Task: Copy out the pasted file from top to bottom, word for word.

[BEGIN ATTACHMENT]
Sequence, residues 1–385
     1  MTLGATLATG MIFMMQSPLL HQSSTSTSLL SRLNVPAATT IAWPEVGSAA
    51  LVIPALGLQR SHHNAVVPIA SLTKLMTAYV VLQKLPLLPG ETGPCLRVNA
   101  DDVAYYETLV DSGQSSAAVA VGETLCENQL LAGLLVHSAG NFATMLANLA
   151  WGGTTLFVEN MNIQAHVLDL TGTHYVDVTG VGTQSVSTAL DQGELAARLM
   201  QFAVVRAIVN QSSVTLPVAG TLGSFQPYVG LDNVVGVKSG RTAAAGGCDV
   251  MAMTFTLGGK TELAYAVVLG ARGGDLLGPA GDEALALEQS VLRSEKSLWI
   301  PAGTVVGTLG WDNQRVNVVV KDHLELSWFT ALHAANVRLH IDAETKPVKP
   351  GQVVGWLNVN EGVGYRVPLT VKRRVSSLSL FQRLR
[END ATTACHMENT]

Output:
Sequence, residues 1–385
     1  MTLGATLATG MIFMMQSPLL HQSSTSTSLL SRLNVPAATT IAWPEVGSAA
    51  LVIPALGLQR SHHNAVVPIA SLTKLMTAYV VLQKLPLLPG ETGPCLRVNA
   101  DDVAYYETLV DSGQSSAAVA VGETLCENQL LAGLLVHSAG NFATMLANLA
   151  WGGTTLFVEN MNIQAHVLDL TGTHYVDVTG VGTQSVSTAL DQGELAARLM
   201  QFAVVRAIVN QSSVTLPVAG TLGSFQPYVG LDNVVGVKSG RTAAAGGCDV
   251  MAMTFTLGGK TELAYAVVLG ARGGDLLGPA GDEALALEQS VLRSEKSLWI
   301  PAGTVVGTLG WDNQRVNVVV KDHLELSWFT ALHAANVRLH IDAETKPVKP
   351  GQVVGWLNVN EGVGYRVPLT VKRRVSSLSL FQRLR